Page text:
# MessageBus contract address. Executor relies this to keep a message execution
# history (just so you can debug or help out angry customers).
msgbus = "<copy-addr-from-'Contract Addresses & RPC Info'>"
blkinterval = 15 # polling interval
blkdelay = 5 # how many blocks confirmations are required
maxblkdelta = 5000 # max number of blocks per poll request

chainID = 97
name = "BSC Testnet"
gateway = ""
cbridge = "<copy-addr-from-'Contract Addresses & RPC Info'>"
msgbus = "<copy-addr-from-'Contract Addresses & RPC Info'>"
blkinterval = 3
blkdelay = 8
maxblkdelta = 5000
# on some EVM chains the gas estimation can be off. the below fields 
# are added to make up for the inconsistancies.
addgasgwei = 2 # add 2 gwei to gas price
addgasestimateratio = 0.3 # multiply gas limit by this ratio

Running the Executor

Now with the configs and database out of the way, running the executor is as simple as a line of command (we'll discuss more reliable deployment methods in Integration Tutorial: Advanced)

executor start --loglevel debug --home $HOME/.executor

Sometimes executor start might fail because of failures to dial either SGN node or SGN gateway gRPC. It's probably because we are deploying something. Just wait a while and it'll most likely resolve.

That's it, the entire app stack is fully functional now. We've come a long way, and now is the moment of truth, will it work or not?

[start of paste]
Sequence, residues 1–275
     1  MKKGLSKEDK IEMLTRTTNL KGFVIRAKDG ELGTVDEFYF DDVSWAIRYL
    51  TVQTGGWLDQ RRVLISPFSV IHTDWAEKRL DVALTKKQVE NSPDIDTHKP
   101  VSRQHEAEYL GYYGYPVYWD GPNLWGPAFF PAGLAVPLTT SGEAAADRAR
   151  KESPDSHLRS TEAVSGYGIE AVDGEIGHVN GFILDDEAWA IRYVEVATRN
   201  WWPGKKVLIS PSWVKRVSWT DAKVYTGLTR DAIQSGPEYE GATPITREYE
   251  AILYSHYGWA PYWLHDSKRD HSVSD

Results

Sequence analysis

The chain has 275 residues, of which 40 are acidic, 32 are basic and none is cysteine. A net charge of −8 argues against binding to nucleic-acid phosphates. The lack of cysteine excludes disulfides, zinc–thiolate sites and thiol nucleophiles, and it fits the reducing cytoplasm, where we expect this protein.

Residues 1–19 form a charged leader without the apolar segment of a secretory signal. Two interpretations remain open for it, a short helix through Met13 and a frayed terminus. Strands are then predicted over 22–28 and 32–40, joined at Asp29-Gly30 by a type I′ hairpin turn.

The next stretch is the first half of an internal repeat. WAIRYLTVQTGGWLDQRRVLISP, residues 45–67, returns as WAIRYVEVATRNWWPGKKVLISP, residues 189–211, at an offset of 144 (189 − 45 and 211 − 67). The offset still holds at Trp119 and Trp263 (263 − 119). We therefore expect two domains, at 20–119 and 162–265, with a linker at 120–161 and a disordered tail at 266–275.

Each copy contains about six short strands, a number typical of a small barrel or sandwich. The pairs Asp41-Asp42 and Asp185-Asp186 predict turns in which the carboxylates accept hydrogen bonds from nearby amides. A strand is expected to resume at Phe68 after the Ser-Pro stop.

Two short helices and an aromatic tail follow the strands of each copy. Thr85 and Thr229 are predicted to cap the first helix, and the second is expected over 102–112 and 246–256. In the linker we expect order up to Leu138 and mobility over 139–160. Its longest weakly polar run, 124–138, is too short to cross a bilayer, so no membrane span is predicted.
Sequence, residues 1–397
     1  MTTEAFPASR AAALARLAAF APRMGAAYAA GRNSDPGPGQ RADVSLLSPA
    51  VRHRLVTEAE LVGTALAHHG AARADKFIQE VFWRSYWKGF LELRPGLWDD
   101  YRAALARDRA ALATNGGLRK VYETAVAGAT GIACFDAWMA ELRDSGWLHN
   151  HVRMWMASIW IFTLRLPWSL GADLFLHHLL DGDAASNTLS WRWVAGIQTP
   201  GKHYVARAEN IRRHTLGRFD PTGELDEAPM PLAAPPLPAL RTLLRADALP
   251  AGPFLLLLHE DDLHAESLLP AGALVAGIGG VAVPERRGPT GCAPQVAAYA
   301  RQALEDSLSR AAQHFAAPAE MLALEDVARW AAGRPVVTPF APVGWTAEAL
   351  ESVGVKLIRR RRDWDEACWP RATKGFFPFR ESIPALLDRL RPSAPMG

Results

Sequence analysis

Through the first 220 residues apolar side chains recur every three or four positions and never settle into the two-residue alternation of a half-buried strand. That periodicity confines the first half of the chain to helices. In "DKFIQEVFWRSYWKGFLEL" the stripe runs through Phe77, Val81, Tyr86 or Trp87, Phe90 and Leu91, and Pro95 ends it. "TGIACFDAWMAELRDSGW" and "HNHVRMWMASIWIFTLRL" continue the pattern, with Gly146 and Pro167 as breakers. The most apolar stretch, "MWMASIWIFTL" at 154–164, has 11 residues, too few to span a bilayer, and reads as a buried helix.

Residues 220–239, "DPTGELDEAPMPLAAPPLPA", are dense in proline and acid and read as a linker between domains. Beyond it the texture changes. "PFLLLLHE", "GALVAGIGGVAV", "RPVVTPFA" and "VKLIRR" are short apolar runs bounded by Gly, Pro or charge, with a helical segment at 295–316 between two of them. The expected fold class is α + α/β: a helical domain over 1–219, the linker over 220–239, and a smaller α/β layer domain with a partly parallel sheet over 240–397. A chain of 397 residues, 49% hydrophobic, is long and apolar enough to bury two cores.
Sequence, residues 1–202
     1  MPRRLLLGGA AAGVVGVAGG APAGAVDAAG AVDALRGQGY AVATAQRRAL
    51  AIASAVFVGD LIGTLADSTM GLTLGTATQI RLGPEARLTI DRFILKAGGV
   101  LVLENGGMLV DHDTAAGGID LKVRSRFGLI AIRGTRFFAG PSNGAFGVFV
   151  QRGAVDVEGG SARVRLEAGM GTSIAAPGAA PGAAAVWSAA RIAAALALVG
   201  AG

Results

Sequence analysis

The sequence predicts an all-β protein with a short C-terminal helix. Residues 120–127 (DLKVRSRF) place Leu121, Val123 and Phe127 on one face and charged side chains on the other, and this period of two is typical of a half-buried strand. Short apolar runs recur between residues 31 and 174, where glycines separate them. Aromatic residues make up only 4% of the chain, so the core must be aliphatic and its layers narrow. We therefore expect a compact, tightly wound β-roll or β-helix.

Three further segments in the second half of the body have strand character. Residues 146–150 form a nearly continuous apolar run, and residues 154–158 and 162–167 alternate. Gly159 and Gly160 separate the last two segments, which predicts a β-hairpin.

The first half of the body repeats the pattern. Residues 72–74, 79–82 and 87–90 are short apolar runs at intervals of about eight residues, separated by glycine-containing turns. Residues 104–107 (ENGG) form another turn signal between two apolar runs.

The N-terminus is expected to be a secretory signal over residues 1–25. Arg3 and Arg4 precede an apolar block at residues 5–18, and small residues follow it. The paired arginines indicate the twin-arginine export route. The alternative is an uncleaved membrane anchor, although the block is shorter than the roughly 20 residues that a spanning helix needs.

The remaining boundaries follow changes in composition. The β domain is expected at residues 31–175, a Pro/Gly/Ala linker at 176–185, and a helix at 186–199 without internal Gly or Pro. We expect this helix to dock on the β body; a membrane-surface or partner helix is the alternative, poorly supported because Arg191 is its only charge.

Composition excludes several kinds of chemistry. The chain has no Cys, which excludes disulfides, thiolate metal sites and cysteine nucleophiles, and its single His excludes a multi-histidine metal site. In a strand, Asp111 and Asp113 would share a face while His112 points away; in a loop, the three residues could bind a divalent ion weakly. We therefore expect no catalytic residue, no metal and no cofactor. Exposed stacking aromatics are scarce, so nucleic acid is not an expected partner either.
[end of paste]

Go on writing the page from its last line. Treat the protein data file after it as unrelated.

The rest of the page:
Testing the App

For testing, we are using test CELR on Goerli. Please add it to your wallet 0x5d3c0f4ca5ee99f8e8f59ff9a5fab04f6a7e007f

Send the Request

Now we are ready to call our MsgExampleBasic contract on Goerli to initiate the whole cross-chain batch transfer process.

Note: the first param payable amount is the fee for this cross-chain transaction, we are omitting this for now.

_dstContract <MsgExampleBasic-address-on-bsc>
_dstChainId 97
_message 0x1234

After calling the contract, it may take around 30 ~ 120 seconds or so for SGN to monitor, verify and sign the transfer and the message. The executor will automatically pick up the message. The logs should look like this

│2022-04-27 01:19:42.781 |INFO | executor.go:542: executed xferMsg (id f66aec9401cbc77b525eafccaec49b6f4fe1a0af10c2c26858ee6d47c7628ef0): txhash 2c7fdaa4052af312119553bbae56d47322b981859254fb013afb29a3a40e19e2                                                                                  │

Next: Advanced Topics

To make the BatchTransfer App more production-ready, there are some advanced functionalities that need to be added, which are covered in the Integration Guide: Advanced.